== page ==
Inflicting a corporal injury on your spouse is a serious offense, resulting in lengthy prison time and a hefty court fine. The law under PC 273.5 prohibits seriously injuring an intimate partner, whether a spouse, parent, roommate or any other person closely related to you. The offense falls under the general umbrella of domestic violence since it involves battery against someone related to or close to you.

If you face charges for inflicting corporal injury on your spouse, it helps to have a solid defense to avoid a conviction and its severe consequences. A skilled criminal attorney can help you navigate the legal process, understand your rights and options, and fight your charges. You could compel the judge to reduce or dismiss your charges with their help.

The Legal Meaning of Inflicting Corporal Injury on a Spouse

Domestic violence laws prohibit harming close family members or people you live with. It is a general law covering several other laws against various acts people commit against their loved ones. Inflicting a corporal injury on an intimate partner or spouse is one such law. It prohibits injuring someone closely related to you or someone in your family. The law seeks to protect the following people against assault or battery by people in their family:

  • Former or current spouses.
  • Former or current cohabitants.
  • People who are engaged to be married.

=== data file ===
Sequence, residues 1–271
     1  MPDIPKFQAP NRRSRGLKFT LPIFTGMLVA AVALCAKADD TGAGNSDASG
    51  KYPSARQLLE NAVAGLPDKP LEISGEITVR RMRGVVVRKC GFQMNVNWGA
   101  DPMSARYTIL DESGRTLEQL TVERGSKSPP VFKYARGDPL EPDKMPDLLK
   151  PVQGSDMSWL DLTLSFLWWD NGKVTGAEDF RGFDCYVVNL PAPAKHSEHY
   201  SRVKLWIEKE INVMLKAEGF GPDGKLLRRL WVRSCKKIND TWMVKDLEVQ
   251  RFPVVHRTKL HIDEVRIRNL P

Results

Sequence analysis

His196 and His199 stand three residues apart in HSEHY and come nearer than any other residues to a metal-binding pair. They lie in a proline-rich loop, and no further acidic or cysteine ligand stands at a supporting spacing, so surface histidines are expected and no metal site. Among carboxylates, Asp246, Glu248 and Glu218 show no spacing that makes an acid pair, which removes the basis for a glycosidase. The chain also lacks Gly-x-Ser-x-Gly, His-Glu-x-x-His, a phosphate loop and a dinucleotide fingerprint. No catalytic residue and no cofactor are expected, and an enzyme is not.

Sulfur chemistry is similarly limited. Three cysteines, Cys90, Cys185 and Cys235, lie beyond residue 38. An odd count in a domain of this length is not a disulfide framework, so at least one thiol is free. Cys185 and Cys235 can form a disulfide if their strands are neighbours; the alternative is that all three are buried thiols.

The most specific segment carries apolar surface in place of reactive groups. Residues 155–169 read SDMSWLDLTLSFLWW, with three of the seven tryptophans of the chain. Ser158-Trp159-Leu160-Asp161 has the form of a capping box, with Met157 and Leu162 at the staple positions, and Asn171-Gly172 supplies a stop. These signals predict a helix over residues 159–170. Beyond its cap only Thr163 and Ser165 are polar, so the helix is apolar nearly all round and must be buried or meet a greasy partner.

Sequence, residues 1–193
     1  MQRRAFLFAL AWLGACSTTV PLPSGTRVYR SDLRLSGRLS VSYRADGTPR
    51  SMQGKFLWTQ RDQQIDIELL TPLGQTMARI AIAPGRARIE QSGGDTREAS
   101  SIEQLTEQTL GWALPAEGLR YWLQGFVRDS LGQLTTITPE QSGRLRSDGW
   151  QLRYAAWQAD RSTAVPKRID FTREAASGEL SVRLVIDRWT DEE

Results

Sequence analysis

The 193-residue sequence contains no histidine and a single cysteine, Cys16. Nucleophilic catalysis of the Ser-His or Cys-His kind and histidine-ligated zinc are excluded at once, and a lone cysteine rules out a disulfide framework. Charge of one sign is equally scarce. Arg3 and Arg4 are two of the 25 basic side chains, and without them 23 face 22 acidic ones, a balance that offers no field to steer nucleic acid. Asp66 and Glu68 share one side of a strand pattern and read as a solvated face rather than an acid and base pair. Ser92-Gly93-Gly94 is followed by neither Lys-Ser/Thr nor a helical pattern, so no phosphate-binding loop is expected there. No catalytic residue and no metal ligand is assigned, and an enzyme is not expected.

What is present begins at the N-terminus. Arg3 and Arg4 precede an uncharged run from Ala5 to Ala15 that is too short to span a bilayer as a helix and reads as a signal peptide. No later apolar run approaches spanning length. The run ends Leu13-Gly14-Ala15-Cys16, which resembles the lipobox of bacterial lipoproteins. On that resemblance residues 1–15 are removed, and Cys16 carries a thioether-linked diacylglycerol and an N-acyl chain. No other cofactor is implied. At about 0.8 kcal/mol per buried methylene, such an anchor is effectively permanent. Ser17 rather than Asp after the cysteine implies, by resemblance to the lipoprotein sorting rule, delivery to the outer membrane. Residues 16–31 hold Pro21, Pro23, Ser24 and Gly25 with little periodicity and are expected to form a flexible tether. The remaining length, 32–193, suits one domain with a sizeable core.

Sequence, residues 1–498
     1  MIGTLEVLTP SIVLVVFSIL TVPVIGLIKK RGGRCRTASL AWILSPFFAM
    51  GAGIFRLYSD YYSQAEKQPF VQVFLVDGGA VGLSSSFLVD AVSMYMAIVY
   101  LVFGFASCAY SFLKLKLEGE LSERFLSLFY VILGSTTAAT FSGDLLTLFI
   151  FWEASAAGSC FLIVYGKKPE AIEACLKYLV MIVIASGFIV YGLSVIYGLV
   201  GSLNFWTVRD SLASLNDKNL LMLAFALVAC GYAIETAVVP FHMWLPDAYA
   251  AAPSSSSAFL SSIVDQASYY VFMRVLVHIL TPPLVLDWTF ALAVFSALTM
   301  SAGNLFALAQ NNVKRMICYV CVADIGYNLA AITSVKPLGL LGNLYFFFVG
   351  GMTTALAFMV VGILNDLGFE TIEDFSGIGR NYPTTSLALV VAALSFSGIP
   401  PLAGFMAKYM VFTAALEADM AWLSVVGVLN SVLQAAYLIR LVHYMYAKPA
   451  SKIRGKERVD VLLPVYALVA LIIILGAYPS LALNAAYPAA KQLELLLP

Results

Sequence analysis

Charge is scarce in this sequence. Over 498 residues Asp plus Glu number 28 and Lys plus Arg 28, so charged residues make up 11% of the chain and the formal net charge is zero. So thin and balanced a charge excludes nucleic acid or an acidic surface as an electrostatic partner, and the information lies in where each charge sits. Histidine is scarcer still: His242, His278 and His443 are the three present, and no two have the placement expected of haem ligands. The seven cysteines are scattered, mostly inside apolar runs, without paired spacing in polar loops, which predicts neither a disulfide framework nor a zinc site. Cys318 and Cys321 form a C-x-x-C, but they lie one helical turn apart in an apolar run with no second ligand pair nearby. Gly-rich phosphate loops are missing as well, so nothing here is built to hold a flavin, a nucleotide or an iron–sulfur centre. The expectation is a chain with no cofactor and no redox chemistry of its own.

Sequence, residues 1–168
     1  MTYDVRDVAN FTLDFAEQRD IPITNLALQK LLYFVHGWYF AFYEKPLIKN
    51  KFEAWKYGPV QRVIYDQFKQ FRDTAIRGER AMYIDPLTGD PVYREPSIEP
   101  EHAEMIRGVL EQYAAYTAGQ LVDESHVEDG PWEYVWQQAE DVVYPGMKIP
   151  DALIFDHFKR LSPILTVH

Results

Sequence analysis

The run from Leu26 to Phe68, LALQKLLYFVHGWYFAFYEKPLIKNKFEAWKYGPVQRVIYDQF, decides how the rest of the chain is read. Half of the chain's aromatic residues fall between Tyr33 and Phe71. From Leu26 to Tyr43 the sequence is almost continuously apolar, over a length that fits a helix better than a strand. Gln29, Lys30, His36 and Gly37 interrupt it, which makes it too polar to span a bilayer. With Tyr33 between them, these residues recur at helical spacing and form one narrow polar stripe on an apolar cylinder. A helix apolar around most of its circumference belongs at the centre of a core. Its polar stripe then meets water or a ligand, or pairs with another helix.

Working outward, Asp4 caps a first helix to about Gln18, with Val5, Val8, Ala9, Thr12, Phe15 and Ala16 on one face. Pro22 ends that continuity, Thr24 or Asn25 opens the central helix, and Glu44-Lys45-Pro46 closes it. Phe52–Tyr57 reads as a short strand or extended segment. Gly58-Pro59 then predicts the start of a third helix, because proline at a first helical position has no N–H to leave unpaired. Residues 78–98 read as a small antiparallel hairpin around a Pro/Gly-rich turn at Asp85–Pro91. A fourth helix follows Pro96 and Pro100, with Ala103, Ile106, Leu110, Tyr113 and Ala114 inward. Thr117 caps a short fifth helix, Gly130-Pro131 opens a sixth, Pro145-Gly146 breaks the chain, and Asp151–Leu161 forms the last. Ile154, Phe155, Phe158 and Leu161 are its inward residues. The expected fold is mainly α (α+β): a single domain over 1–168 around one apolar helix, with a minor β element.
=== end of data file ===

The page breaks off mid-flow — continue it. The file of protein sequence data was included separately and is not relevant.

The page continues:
• Former or current dating partners.
  • Fellow parents of the same child or children.

The law specifically prohibits the infliction of a corporate injury on an intimate partner. The prosecutor will file charges under this statute only if your intimate partner suffered a traumatic condition due to your actions. A traumatic condition can be any serious physical injury resulting from an unlawful touch, including the following.

  • A serious scratch.
  • Bruises.
  • Strangulation marks.
  • Suffocation.
  • Physical marks.

If the alleged victim suffers a great bodily injury, the offense is a straight felony. The judge can enhance your felony sentence with three to five years to serve consecutively with the underlying sentence.

What The Prosecutor Must Prove

After the prosecutor files charges against you under PC 273.3, they must demonstrate your offenses for the jury to deliver a guilty verdict. These elements include:

  • That you unlawfully and willfully inflicted a bodily injury upon a person related to you.
  • The person was an intimate partner or close family member.